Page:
Confused Who Has the Majority in Congress? You’re Not Alone.
A 10-year veteran of congressional policy battles, Rachel Bovard is The Heritage Foundation’s director of policy services.
In 2014, Republicans won a majority in Senate. However, if you’ve been watching the Senate lately, you’d be forgiven for wondering who is actually in charge.
Democrats demand—and receive—amendment votes, while Republican amendments are stifled.
Democrats demand—and receive—amendment votes, while Republican amendments are stifled. Appropriations bills, ostensibly written by Republicans, come to the floor lacking any GOP priorities, whileconservative efforts to amend the bill are set up to fail.
Even more troubling are the policies coming out of this Republican-led Senate. Appropriations bills are passed, but at higher spending levels than even President Barack Obama requested. Just this week, the Senate voted to bail out the U.S. territory of Puerto Rico—without considering any of the economic reforms supported by conservatives.
Things really took a turn last week, however, when the Senate Appropriations Committee advanced its 2017 foreign aid bill.
In a sign that principles were about to be shelved, all 16 Republicans and 14 Democrats on the committee unanimously supported an amendment by Sen. Jeff Merkley, D-Ore., to provide $500 million to the U.N. sponsored Green Climate Fund—the principle funding mechanism for Obama’s international climate change treaty.
For the record, this is the same treaty that the Obama administration imposed upon taxpayers without the advice and consent of the Senate, and the same funding mechanism that GOP Senators previouslyswore up and down that they would fight tooth and nail to oppose.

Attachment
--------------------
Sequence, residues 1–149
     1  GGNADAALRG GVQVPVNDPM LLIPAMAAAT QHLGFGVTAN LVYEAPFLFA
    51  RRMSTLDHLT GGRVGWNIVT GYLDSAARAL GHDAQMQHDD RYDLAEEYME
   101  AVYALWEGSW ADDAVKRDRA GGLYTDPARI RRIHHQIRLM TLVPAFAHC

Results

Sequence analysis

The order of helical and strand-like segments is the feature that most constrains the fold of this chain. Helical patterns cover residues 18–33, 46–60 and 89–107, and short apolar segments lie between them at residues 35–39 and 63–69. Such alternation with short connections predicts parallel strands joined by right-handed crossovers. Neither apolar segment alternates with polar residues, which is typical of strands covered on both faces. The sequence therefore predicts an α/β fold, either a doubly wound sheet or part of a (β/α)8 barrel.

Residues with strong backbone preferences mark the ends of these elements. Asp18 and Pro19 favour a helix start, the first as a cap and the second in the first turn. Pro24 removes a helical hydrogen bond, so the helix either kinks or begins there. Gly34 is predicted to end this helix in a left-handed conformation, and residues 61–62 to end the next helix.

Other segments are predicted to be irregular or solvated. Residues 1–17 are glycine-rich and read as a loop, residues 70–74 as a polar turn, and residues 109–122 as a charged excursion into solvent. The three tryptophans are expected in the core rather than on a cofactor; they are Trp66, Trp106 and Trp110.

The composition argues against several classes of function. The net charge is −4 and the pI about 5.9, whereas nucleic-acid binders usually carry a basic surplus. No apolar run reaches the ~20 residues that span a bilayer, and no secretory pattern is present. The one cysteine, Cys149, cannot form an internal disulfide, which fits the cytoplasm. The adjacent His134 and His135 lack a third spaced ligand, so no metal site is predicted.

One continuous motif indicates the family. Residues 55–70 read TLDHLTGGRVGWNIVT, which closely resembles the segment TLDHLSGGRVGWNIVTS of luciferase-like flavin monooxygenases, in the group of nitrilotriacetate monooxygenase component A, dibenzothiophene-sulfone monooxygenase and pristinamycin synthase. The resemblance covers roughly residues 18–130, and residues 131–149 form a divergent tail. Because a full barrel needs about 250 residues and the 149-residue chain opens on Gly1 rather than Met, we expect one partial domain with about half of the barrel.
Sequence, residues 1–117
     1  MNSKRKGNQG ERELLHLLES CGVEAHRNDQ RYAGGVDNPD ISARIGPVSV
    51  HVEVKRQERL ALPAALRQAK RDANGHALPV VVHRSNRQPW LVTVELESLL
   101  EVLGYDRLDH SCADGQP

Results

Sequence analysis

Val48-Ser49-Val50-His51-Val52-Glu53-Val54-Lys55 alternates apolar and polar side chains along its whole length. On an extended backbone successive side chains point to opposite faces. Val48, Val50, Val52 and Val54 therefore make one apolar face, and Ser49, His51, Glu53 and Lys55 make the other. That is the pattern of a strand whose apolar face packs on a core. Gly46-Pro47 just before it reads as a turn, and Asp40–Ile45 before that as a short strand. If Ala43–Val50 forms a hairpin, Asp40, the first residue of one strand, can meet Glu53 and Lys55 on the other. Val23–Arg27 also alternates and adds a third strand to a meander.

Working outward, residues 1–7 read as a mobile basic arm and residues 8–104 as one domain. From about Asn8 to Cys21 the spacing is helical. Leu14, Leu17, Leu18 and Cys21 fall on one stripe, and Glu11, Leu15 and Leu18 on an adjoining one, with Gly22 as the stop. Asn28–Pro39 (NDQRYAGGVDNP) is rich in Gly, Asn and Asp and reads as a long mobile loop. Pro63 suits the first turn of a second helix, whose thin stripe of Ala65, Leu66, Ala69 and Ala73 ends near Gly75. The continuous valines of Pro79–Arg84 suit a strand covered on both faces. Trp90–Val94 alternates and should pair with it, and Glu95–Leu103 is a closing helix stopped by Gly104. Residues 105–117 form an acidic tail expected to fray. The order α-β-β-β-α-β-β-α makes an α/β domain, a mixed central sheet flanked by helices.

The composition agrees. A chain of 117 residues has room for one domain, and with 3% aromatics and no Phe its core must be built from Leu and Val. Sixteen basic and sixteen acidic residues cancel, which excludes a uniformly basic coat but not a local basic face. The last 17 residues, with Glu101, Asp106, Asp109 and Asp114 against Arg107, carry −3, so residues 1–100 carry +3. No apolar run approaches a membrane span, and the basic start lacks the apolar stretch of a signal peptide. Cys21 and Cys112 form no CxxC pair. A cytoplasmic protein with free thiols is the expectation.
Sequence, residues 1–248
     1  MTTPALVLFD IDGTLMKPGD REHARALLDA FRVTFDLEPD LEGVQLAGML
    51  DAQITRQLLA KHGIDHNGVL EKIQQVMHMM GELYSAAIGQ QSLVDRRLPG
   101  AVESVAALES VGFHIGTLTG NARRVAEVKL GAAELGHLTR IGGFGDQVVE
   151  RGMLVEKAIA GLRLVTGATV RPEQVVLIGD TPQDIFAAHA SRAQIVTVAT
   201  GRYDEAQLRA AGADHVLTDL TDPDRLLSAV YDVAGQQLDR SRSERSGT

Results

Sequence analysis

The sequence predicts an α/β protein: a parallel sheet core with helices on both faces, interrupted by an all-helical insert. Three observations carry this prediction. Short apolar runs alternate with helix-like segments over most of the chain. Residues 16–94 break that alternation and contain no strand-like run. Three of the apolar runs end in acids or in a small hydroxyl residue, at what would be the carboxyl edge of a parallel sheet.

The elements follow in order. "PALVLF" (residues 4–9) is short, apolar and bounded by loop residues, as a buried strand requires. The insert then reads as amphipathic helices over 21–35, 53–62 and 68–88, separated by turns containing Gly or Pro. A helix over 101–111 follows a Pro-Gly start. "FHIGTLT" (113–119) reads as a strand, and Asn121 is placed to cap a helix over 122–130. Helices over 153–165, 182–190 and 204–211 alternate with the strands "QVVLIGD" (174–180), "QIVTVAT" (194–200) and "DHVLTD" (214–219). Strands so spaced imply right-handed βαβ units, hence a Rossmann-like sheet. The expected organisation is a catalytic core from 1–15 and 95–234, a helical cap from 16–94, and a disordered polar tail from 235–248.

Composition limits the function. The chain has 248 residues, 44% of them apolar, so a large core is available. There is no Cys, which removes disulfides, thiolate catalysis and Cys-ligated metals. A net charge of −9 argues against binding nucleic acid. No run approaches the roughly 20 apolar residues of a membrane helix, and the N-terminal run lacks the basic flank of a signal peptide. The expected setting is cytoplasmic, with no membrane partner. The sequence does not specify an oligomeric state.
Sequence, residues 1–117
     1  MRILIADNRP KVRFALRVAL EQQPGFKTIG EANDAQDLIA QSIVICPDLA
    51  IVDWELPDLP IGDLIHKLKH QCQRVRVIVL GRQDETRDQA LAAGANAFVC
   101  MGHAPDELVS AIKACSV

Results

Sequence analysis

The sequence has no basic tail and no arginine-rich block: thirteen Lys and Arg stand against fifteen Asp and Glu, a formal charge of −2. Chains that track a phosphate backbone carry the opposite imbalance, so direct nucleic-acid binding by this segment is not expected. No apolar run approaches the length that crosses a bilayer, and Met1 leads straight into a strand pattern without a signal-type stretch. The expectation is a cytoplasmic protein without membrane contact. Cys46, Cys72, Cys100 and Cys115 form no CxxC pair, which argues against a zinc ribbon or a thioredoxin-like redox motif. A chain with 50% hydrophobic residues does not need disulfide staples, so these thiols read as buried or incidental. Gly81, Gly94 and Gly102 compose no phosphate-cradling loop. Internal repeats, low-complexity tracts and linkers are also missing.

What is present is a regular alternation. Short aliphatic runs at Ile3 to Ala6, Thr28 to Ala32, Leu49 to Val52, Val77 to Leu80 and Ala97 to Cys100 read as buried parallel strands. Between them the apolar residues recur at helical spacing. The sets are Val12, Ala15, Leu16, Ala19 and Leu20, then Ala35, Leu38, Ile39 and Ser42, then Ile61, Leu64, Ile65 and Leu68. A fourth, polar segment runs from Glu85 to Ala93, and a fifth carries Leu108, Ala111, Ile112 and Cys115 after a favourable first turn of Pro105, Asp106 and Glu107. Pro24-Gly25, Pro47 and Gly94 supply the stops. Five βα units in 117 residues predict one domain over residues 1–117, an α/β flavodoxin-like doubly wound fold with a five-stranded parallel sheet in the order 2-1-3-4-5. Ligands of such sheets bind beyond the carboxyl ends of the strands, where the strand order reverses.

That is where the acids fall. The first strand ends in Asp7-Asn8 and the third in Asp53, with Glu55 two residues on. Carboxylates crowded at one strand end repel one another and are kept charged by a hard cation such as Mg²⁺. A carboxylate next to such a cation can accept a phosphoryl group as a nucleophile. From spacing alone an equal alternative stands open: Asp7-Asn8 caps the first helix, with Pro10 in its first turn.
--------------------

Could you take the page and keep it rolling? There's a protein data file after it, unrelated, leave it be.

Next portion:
But the committee action got even worse with the passage of an amendment offered by Sen. Jeanne Shaheen, D-N.H., to add $37.5 million to the United Nations Population Fund, which provides services for “international family planning and reproductive health”—that is, taxpayer funded abortion performed overseas.
In a Republican controlled committee, this amendment supporting abortion passed 17-13, thanks to the votes of Sens. Susan Collins, R-Maine; Lisa Murkowski, R-Alaska; and Mark Kirk, R-Ill.
Most disturbing, however, was that the entire bill—containing language to fund abortion, and to fund the president’s climate change treaty—passed the committee 30-0.
Some will argue that this is just a committee process, and that the real consideration of the bill will be on the Senate floor, where all senators will have the opportunity to weigh in. Perhaps—but only if Senate Majority Leader Mitch McConnell, R-Ky., allows senators to participate in an open process (which he has lately been loath to do).
If and when this bill hits the floor, we should expect that Republicans will stand up for what they’ve said they believe in, and vote to strike provisions of this bill that violate their principles.
Republicans may be in charge of the Senate, and Democrats may be in the minority. But it is getting increasingly difficult to tell the difference.
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